At the end of 2021, Australia committed to reaching net zero emissions by 2050, in line with what was pushed during COP26—the 2021 United Nations Climate Change Conference held in Glasgow. Long before these government promises were made, thousands of Australian farmers were already benefiting from regenerative practices.
Those at the forefront of sustainable farming in Australia are reaping the benefits of sequestering soil carbon at scale, improving productivity, profitability and environmental health. According to our Founding Director, Dr Terry McCosker OAM, there is a huge opportunity for farmers to play a significant role in addressing our country’s climate and biodiversity crisis.
Across Australia, investors and shareholders are looking to demonstrate they are offsetting climate risk and meeting their ESG (environmental, social and governance) goals. No longer just a tick-box exercise, businesses are looking to invest in real change and pivot their practices.
“In the last 12 months, I have regularly received calls from financial institutions, high net worth individuals, funds, and emitters, all asking how they can get involved in regenerative agriculture. Food corporations, responding to consumer demand, also want to source regenerative produce,” says Dr McCosker.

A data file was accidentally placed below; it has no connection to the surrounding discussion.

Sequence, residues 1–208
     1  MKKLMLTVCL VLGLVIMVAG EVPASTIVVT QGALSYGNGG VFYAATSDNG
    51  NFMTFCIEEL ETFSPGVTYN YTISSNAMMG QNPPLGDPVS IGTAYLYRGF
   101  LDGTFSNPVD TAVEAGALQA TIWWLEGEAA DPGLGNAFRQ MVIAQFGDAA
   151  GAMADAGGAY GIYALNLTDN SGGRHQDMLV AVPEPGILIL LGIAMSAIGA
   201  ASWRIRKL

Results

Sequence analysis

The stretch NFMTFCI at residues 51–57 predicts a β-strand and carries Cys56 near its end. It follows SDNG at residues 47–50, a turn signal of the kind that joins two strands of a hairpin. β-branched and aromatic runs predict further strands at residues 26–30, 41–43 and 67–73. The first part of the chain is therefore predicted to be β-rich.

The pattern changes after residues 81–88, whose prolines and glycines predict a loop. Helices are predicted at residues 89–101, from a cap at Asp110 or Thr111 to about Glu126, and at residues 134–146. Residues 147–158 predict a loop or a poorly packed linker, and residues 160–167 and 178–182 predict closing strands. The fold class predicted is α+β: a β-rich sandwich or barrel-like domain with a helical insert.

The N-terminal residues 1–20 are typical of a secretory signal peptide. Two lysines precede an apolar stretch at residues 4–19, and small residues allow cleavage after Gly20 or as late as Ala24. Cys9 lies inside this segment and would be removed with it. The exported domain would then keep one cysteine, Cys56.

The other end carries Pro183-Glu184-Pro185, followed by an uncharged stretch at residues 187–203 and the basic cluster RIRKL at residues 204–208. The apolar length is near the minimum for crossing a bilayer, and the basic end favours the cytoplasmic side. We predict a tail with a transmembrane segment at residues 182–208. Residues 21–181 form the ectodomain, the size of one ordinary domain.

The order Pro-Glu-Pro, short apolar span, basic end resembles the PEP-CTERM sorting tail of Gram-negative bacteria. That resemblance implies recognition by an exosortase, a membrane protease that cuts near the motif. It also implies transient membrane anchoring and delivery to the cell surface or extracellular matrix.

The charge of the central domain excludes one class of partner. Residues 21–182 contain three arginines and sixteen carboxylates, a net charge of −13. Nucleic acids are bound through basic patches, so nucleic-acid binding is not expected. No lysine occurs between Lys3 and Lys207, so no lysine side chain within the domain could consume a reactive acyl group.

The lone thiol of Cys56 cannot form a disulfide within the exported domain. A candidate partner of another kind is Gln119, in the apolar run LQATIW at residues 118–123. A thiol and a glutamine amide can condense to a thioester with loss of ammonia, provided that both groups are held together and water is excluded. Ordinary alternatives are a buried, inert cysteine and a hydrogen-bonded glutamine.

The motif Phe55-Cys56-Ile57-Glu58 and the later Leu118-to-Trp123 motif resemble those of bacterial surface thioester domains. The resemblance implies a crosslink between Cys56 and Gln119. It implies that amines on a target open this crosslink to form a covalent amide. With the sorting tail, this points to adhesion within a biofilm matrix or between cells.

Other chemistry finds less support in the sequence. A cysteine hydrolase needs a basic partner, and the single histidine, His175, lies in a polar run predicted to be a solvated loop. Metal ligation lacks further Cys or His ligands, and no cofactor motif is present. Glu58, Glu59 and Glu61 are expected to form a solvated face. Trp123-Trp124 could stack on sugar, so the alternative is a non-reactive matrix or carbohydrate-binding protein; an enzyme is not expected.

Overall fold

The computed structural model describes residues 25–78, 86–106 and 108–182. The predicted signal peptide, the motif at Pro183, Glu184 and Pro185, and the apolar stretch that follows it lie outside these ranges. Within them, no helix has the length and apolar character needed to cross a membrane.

There is no denying the Australian agriculture market is shifting, and those who embrace the change are sure to benefit the most.
While reducing emissions is essential, agriculture can also draw down carbon from the atmosphere and store it in soils and vegetation, becoming an asset to producers and the environment. This transitions properties from a source of emissions to a carbon sink. They move from being part of the problem to part of the solution via regenerative farming.
“Regenerative approaches store carbon, improve soil health, increase biodiversity, increase water holding capacity and improve drought resilience. They also provide access to new income streams from biodiversity credits and other co-benefits. So it’s a win, win, win,” says Dr McCosker.
In 2016, RCS became a key partner in Project Pioneer, a project aimed at demonstrating how the switch to regenerative grazing can benefit family businesses, the environment and regional communities.
Through this project, RCS spent five years training and empowering more than 150 grazing families to transition to regenerative systems over 1.3 million hectares in catchments of the Great Barrier Reef.
These farms reduced sediment runoff to the reef, maintained ground cover above 70% and improved carrying capacity and productivity by 14%. All during one of Queensland’s toughest droughts.
Our Founding Director also chairs Carbon Link, a carbon developer with over 100,000 hectares in soil carbon projects on 30 properties in QLD and NSW—numbers that are continually growing.
According to Terry, the measurements so far are showing very promising results, despite severe drought.
“This is very exciting because it is the largest longitudinal study of soil carbon at scale anywhere in the world. Once we can share the results, it will have significant implications for the soil carbon industry in Australia and globally.”
All Carbon Link projects are registered under the Australian Government’s Emissions Reduction Fund.
Join our mailing list